As you celebrate Thanksgiving this year, keep in mind that it was America's original locavore feast. Of course, back then nearly every meal was local. What you ate was what you raised or obtained in trade from neighbors, and the closest thing to imports were the vinegar-soaked beef and hard cheese that the Pilgrims brought to the new world. What happened next is gastronomic legend. To celebrate making it through the first winter, the Pilgrims used their successful first harvest of corn, squash, beans, and other local delicacies to throw a special meal of thanks in late September or early October of 1621. Governor William Bradford said that the settlers should "rejoice together...after a manner more special." The unexpected arrival of a hundred Pakanoket natives bearing five deer soon turned a pious meal of thanks into a three-day celebration.
No one knows exactly what foods were served that first Thanksgiving. All we can say for sure is that they were certainly local and largely indigenous. Food historians think the feast likely consisted of cod, eel, clams, lobster, wild turkey, goose, duck, venison, seal, corn, pumpkin, squash, beans, onions, lettuce, radishes, parsnips, carrots, wild plums and grapes, dried berries, walnuts, chestnuts, and acorns.
Dishes were probably prepared using traditional Pakanoket spices and cooking methods. What's really interesting nearly four hundred years after the first Thanksgiving is just how much of the original menu survives on our tables today. Okay, we won't be eating any seal in my house. But we will serve turkey, corn, beans, onions, squash, pumpkin, and berries. Much of it will be locally grown, and like the Pilgrim's feast, the menu will focus on foods native to America.
Along those lines, I present two recipes -- one for succotash and one for pumpkin pie -- for your consideration:
SUCCOTASH (serves eight)
From the Narragansett term "msíckquatash" which means "boiled corn kernels," succotash is a dish with a serious native American pedigree. This recipe returns it to those origins with a uniquely "local" flavor that puts modern versions to shame. One of the easiest and earliest recipes adopted by European settlers, the original dish was sweetened with bear fat. Here, thankfully, we substitute an easy-to-make walnut butter.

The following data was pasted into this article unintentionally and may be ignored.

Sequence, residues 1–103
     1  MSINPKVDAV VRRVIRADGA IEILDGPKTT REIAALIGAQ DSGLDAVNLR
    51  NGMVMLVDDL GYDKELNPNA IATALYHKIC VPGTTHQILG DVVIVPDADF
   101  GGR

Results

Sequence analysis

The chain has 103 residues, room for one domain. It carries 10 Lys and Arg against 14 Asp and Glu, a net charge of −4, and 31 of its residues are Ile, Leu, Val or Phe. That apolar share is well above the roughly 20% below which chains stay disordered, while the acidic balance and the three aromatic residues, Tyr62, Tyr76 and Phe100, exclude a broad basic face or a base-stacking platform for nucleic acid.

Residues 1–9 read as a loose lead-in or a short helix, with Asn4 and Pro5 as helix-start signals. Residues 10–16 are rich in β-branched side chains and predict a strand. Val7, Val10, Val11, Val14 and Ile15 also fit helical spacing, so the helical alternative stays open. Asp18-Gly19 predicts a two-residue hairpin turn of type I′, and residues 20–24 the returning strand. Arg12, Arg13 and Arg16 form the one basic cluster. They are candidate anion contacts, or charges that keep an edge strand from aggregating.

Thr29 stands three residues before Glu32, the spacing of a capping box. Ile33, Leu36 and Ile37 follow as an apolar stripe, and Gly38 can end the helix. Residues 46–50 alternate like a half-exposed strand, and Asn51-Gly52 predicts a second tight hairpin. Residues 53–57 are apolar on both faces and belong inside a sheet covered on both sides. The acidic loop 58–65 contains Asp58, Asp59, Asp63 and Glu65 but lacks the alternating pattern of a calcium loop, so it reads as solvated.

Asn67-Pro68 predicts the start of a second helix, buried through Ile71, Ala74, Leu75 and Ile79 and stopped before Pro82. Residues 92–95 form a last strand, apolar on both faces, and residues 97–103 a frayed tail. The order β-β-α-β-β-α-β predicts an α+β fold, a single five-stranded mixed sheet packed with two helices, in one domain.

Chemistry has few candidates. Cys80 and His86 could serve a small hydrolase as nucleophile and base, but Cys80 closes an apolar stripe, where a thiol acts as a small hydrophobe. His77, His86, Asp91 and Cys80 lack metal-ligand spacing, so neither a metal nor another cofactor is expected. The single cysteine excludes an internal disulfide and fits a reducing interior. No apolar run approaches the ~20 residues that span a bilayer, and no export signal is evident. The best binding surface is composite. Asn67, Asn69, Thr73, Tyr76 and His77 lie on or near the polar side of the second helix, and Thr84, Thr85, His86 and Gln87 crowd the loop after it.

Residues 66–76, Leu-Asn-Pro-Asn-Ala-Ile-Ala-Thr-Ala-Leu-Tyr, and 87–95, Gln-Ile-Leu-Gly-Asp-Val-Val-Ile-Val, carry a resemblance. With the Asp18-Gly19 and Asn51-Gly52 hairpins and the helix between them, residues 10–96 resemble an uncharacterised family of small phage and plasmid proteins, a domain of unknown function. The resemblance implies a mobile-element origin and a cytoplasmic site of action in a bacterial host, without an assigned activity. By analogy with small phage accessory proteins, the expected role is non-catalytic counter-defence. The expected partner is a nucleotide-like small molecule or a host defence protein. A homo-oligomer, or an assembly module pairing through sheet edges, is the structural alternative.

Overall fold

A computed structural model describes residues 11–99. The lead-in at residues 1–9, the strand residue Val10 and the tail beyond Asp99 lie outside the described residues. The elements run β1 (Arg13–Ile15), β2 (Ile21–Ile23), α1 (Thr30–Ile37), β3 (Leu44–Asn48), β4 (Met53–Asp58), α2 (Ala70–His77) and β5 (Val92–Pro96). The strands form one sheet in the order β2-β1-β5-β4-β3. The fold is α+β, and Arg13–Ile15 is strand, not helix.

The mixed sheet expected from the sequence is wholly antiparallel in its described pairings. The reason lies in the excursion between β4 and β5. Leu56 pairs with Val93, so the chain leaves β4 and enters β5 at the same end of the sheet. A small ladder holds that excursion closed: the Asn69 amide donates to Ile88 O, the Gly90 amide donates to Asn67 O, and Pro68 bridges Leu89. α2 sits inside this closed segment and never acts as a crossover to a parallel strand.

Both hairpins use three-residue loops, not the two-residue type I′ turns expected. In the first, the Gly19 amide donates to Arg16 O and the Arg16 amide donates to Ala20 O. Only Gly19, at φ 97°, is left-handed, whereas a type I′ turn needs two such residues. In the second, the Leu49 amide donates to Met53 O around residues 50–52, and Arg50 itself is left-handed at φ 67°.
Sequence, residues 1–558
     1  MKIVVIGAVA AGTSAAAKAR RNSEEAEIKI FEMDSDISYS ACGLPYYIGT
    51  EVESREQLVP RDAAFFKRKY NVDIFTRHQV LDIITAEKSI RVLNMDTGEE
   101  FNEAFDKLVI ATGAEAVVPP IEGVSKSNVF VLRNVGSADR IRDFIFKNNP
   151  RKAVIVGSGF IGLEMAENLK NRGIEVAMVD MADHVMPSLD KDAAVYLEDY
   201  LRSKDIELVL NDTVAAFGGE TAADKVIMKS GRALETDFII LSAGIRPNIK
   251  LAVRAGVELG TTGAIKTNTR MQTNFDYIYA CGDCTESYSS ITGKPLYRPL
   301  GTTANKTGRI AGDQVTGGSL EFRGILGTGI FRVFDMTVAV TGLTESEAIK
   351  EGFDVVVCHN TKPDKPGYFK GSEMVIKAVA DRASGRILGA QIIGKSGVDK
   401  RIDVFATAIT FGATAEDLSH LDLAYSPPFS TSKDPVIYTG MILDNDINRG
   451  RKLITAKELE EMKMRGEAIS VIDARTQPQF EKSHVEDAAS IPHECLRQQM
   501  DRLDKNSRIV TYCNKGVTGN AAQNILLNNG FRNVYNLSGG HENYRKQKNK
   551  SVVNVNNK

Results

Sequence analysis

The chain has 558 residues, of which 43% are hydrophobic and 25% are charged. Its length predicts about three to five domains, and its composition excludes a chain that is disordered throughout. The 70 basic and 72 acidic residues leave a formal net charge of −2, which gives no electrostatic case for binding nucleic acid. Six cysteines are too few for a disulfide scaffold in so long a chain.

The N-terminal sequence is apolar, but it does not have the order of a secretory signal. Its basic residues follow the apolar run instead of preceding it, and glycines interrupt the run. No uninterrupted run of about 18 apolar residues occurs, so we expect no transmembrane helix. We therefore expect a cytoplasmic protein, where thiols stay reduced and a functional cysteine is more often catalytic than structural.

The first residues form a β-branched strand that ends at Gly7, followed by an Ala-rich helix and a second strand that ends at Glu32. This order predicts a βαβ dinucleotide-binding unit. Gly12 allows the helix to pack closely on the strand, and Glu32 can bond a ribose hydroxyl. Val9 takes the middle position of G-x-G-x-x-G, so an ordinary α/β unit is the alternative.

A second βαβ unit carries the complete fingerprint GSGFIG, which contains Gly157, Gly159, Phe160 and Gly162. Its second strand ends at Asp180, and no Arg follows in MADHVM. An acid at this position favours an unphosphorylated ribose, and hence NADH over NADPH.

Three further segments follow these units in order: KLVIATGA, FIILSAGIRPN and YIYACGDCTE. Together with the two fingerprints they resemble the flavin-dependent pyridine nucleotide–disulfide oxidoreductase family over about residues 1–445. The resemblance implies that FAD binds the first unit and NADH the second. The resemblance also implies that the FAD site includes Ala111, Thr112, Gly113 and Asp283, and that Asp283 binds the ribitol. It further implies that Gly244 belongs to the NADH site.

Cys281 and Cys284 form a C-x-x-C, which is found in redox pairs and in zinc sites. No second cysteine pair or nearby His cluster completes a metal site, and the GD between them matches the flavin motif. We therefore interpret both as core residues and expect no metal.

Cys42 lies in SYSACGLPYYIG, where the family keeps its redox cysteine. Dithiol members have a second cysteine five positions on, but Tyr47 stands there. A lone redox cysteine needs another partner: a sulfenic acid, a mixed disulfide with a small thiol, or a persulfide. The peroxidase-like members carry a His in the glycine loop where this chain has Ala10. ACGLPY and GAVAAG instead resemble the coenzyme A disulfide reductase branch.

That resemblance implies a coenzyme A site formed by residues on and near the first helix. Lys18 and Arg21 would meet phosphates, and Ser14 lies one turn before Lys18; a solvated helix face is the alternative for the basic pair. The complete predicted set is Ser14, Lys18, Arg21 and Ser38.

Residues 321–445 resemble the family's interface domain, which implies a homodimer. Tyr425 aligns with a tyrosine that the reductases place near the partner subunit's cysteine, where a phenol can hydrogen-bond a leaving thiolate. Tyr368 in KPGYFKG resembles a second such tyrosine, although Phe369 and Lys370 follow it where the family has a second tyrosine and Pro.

1 onion (chopped)
1 green pepper (chopped)
1 cup water
2 cups shelled lima beans or other shell beans
2 cups corn
Walnut butter to taste (see recipe below)
Combine all the ingredients but the walnut butter in a large covered pot and simmer for 20 minutes or until the beans and corn are tender. Remove from heat and stir in walnut butter until the mixture has a slightly sweet taste. Serve hot. To make the nut butter, just put a cup or two of shelled walnuts in a food processor and process them until they're as powdered or otherwise pulverized as possible. With the food processor running, drizzle honey into the mix until a thick paste forms. Mmmmm, wicked good.
PUMPKIN PIE (serves one if you're me…)
This recipe isn't quite as old as succotash, but it does date back to the colonial era, when pumpkin pies were first created and almost immediately institutionalized as a Thanksgiving necessity. I think this pie is better with fresh pumpkin, which you can prepare by cutting a pumpkin into eights and baking the fruit at 325 degrees until tender, then scraping it from the skin, and pureeing the result. Look for small heirloom pumpkins with a lattice of white raised "veins" on their surface. But canned pumpkin will work fine, too. Either way, it is the Best. Pumpkin pie. EVER. (In my humble opinion.)
Pastry for a one-crust pie
2 cups cooked pumpkin
2/3 cup packed dark brown sugar
2 teaspoons cinnamon
1/2 teaspoon ginger
1/2 teaspoon salt
3/4 cup whole milk
2 eggs well beaten
1 cup heavy cream
1/4 cup brandy
Prepare your pastry, line your pie tin, and refrigerate it until needed. Combine pumpkin, sugar, spices, and salt in a mixing bowl. Beat in milk, eggs, cream, and brandy. Pour into the pie tin and bake in a preheated 325° oven for an hour or until a knife inserted into the center comes out dry. Cool and serve to guests who will go out of their gourd and henceforth worship the ground on which you walk for creating such a sublimely delicious pie. Happy Thanksgiving from Seventh Generation!
The Inkslinger has written about environmental issues for over 20 years and is a freelance writer for some of America's most iconoclastic companies and non-profits. His true loves include nature, music of the Americana/rock and roll variety, interior design, books, old things, good stories, pagan rituals, and his wife of 24 years, with whom he lives in an undisclosed chemical-free rural Vermont location along with his teenage daughter and two infinitely hilarious Australian shepherds!